You’ll have a cow-abductingly good time
What do you think of when you hear the words “Probe the Humans“? I imagine it breaks down into two camps: People who envision someone getting interrogated, and others who think of aliens doing unwanted things to the human anatomy. Probe the Humans for iOS doesn’t contain either, but it does feature aliens abducting anything they possibly can. There may be some allusion to probing, but let’s just pretend there’s not.
As we touched on in our preview of Beware Planet Earth!, farmers are the unspoken victims of most alien encounters. There’s something about those lush, food-rich sprawls of land that appeals to the extraterrestrial, and it leads to a lot of damaged crops, abducted animals, and angry farmers. Probe the Humans carries on that age-old tradition, featuring a farm setting ripe for destruction.
To be fair, the farmers kind of deserve it here. There are massive coins sitting everywhere around their farm, so of course they’re going to attract all kinds of unsavory visitors. It’s not some kind of endless buffet for malevolent aliens, though: Vehicles and structures have to be avoided, what with the ship’s Beamonator2000 only capable of handling carbon-based lifeforms and gold.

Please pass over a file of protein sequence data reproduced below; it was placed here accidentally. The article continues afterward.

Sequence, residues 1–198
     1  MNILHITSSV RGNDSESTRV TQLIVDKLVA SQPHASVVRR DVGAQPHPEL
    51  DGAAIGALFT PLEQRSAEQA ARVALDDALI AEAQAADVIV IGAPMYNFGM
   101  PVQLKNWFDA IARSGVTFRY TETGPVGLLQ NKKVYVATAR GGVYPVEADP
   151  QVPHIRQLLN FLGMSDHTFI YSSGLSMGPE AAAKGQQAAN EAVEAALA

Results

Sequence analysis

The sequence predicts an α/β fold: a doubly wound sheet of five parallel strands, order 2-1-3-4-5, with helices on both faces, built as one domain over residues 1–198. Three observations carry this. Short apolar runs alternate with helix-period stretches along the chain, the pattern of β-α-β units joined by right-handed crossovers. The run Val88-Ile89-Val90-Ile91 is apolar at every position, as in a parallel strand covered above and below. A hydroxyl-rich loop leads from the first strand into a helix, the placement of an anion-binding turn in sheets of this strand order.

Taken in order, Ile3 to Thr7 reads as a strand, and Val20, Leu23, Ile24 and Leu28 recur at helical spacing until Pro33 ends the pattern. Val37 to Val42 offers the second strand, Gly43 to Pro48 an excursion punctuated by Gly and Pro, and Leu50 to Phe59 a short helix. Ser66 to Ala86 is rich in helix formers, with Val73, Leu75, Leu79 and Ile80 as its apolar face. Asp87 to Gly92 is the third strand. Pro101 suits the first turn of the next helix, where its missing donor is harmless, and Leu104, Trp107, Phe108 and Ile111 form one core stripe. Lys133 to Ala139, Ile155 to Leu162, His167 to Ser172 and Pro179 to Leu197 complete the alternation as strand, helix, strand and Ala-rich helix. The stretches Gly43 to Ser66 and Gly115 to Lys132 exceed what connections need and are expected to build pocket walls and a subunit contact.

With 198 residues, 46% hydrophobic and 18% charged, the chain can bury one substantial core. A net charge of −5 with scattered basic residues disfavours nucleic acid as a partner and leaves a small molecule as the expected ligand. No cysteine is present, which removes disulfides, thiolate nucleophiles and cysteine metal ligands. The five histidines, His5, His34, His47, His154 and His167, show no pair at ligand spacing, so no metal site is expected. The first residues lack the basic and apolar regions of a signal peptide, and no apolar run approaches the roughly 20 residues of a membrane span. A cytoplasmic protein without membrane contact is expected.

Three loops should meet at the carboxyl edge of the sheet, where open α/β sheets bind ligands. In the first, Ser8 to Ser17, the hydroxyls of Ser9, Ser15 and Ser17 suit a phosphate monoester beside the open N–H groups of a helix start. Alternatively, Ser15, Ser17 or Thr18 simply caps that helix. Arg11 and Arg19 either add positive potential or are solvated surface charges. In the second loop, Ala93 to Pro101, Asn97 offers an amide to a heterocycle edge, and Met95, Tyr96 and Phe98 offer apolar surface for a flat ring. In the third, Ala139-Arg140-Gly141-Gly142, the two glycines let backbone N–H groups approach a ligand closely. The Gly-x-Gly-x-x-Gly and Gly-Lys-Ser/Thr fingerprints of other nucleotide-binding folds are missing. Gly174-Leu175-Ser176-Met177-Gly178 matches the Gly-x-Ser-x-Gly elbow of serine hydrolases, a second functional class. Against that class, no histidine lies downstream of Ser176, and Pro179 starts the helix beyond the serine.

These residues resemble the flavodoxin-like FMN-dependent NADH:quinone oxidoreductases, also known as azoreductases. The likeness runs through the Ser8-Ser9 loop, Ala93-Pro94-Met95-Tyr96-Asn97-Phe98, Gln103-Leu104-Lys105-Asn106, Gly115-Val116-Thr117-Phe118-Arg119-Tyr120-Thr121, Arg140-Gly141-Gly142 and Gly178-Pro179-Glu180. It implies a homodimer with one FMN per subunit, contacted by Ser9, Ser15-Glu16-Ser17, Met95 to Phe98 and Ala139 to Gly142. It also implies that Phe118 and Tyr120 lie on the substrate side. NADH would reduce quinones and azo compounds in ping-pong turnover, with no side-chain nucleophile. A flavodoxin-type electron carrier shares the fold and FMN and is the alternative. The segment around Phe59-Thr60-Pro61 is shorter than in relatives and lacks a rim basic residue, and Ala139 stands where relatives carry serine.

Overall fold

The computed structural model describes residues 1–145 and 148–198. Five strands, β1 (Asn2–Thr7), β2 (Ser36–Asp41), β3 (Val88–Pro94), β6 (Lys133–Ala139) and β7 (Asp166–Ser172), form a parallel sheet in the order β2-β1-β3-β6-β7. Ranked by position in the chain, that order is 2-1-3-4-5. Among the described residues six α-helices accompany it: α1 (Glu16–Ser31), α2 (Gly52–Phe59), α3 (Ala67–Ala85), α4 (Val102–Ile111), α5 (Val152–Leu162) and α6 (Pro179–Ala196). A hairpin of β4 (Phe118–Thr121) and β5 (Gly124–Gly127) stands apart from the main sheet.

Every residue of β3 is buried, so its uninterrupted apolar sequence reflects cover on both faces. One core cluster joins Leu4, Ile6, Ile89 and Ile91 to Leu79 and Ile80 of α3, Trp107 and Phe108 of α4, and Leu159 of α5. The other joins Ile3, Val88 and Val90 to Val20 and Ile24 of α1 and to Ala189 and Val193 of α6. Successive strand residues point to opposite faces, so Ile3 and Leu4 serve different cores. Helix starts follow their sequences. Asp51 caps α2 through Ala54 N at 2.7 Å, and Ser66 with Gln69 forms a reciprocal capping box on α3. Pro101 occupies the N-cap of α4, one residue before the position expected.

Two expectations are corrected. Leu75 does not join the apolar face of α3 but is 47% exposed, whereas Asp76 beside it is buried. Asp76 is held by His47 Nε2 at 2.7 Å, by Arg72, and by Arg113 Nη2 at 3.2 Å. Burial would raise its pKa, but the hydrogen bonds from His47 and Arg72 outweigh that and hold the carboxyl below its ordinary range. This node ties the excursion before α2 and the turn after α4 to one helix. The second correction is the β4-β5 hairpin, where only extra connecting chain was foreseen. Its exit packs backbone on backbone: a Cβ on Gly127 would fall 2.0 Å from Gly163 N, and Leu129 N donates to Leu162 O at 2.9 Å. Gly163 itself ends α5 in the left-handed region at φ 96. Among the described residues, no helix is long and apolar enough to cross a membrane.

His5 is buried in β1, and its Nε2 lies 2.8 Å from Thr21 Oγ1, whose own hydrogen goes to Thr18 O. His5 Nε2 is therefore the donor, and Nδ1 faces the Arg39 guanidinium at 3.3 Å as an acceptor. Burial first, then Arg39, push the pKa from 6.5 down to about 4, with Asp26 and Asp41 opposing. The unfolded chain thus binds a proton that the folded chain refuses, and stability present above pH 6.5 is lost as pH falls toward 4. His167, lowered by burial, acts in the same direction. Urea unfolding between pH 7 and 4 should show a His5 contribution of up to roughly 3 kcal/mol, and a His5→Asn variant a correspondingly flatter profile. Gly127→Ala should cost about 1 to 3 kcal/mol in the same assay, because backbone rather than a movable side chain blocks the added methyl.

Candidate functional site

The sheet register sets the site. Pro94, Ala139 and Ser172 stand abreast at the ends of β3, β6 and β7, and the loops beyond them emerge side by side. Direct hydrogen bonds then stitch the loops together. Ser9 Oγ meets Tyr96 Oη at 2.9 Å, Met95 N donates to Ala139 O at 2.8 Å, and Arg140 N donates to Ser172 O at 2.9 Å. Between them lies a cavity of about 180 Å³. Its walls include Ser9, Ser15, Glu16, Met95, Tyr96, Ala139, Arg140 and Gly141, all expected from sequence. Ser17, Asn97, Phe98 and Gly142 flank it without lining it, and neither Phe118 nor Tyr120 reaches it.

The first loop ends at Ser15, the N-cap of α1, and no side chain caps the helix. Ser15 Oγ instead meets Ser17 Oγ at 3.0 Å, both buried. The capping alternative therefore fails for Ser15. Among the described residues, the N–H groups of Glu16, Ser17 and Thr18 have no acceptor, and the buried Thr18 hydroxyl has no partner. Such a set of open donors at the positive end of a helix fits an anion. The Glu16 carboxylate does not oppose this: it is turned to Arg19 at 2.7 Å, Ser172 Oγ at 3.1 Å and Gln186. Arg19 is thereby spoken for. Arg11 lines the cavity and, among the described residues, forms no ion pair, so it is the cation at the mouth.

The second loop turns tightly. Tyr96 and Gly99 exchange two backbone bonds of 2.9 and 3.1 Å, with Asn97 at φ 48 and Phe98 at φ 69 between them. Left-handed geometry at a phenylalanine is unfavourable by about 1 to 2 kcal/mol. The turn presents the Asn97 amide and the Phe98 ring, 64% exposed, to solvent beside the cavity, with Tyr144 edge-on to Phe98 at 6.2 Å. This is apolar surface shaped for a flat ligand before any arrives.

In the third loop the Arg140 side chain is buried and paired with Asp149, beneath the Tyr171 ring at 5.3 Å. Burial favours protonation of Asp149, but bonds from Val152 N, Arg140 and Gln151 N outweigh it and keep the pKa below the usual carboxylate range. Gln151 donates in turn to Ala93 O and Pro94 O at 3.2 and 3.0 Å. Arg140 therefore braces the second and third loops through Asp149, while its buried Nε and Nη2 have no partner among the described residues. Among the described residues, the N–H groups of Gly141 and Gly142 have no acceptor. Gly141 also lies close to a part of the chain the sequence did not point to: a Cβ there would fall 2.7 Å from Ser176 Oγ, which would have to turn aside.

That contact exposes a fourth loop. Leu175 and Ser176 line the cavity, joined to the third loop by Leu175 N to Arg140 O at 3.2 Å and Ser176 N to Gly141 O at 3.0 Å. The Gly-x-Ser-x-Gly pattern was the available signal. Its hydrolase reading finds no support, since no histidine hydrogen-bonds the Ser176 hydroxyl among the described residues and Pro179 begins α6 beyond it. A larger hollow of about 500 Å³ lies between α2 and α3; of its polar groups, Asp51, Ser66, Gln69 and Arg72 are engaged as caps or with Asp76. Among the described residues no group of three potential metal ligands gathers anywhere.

Some of these lifeforms are deemed “collectible,” which is a word I can only hope someone applies to me down the road. I’m sure its application here will add yet another layer of addictiveness to the game, inspiring players to continually gun for collectible animals until they stumble into some sort of existential crisis. As far as I’m concerned, that’s exactly what video games are all about.
Thanks to the technological leaps of their race, controlling the beam is as simple as dragging your finger across the screen. You’d think they’d be able to program it to immediately dodge all non-human entities, but that would make for a very boring game, wouldn’t it?
Arriving June 9, Probe the Humans will give players a taste of what it’s like to be a farm-hating alien. The ire is well-deserved, as far as I’m concerned. I’m so sick of farmers waking up early and working all day on what will eventually be food we all eat. It’s just so smug.